And one of the clues, I think, one of the very important clues for a faithful reading of this text is found in verse 29. You remember how it goes. That she falls at Jesus’ feet and begs him to heal her daughter, to send the demon out of her. And you remember that Jesus responds crudely: “The children have to be fed first, so there’s no way in hell I’m taking the children’s bread and tossing it to you dogs.” Now, parenthetically, that word “dog” (that Greek word for “dog”) was a nasty, bigoted, ‘nigger’-like word that some Jews in the first century would use to dismiss and demean Greeks among them. This is not Jesus at his best.
And you remember that she answers quickly, without hesitation really: “But Lord, even dogs like us are worthy of crumbs from the table.” Maybe it’s subtle, but she pushes back. She’s not in the least intimidated by Jesus’ bigotry or narrowness. And she pushes back, she gets into it with him. Lord, you may think of me as a dog, but I’m staying right here at the table until something comes my way.
And here’s verse 29. Jesus says: “You have answered well!” The version in our bulletins this morning is “Good answer!” But the more accurate translation of Mark’s Greek is: “You have answered well!” or maybe “You have argued persuasively!” You see, the Syro-Phoenician woman is both a caring and determined mother and a powerful advocate. She’s both a worried woman and a thoughtful, proud, persuasive lover of life. “You have answered well!” Jesus says. And that’s the key to the healing in this text. That’s the clue to how this text works in Jesus’ life, in Jesus’ heart and in his ministry.
She argues persuasively. And Jesus is persuaded!
In the Eastern Orthodox wing of Christianity, the Orthodox have a sweet notion of the journey of faith and how it changes us, how it matures us, how we grow in spirit over the course of our lives. The word they use for this journey is “theosis.” “THEOSIS!” It really means, in Greek, something like, ‘the process of becoming god-like.’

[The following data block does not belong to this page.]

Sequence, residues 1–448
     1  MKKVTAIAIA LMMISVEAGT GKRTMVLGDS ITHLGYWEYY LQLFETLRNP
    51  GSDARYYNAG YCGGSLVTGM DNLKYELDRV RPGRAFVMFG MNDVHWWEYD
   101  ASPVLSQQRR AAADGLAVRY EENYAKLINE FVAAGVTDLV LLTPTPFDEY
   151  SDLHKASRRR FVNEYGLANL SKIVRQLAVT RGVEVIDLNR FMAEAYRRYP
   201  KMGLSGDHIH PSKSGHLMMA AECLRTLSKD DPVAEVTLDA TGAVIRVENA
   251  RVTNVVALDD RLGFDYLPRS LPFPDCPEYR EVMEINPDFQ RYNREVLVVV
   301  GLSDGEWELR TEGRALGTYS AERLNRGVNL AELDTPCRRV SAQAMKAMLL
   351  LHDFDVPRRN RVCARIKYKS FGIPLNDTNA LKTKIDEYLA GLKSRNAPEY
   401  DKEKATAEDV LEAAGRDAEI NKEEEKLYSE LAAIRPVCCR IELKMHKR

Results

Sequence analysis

I think Jesus’ life is a story of ‘theosis’—a story of a believer’s evolution, a story of a rabbi’s maturity. And this morning, in this sharp exchange with a Syro-Phoenician woman, Jesus grows up. She makes sure that Jesus grows up. To his credit, Jesus himself is open, available, ready to be challenged. He too has practiced for this, prepared for it: in years of prayer and meditation in the hills, in years of reading scriptures and singing psalms and approaching God in humility. And when the moment comes, when she’s kneeling before him and going nowhere, when he’s insulted her and still she stays, when she’s insisting his heart grow a little and his conscience expand a little, Jesus is ready.
He’s ready to see something new in her. He’s ready to see something new in himself. He’s ready to receive God’s larger, bigger, radically inclusive gospel. ‘THEOSIS.’ Jesus grows up.
As we launch ourselves into new academic years, into new relationships, into delightful new opportunities here at Peace United, I want you to know that ‘THEOSIS’ is the name, the notion, the promise for your journey too. You too are invited by God—wherever you are on life’s journey, however old you are, however inexperienced you feel—you too are called by God to grow and mature, to learn from mistakes and figure out new possibilities, to find and cherish the image of God in your own heart, in your own soul, in your own flesh.
Jesus reminds us, and the Greek woman in the text reminds us, that ‘THEOSIS’ is sometimes strange and hard. The two of them remind us that, within us, we have narrow places to open up; that, beyond us, the world will test our patience and call upon our compassion in unimaginable ways. But here, in the church, we’ll be ready. We’ll watch for opportunities. We’ll expect to grow and change. Because that’s what faith is. That’s who Jesus is. That’s who we can be.
So I imagine that there will be a Syro-Phoenician woman out there, for you, along the way. There will be a friend, or even an unexpected guest, or perhaps an underappreciated adversary—there will be someone who comes to challenge you. At first, it may even seem she’s coming simply to tick you off. But someone will come into your life to open your eyes to new visions and responsibilities. She might kneel at your feet. She might well look you in the eye. But she’ll insist on being seen, she’ll insist on being heard, she’ll insist on conversation with you. And you’ll be ready. Just like Jesus you’ll be ready.
God works, we like to say, in strange and mysterious ways. But trust this, for sure. God is working in your life, and in hers. God is calling you out of narrow places and into broad ones. God is delighting in your discoveries, even in your challenges, and in your opening to the world. And God is partnering with you in your life’s mission: which is discovering, cherishing, loving the life you share with the rest of us.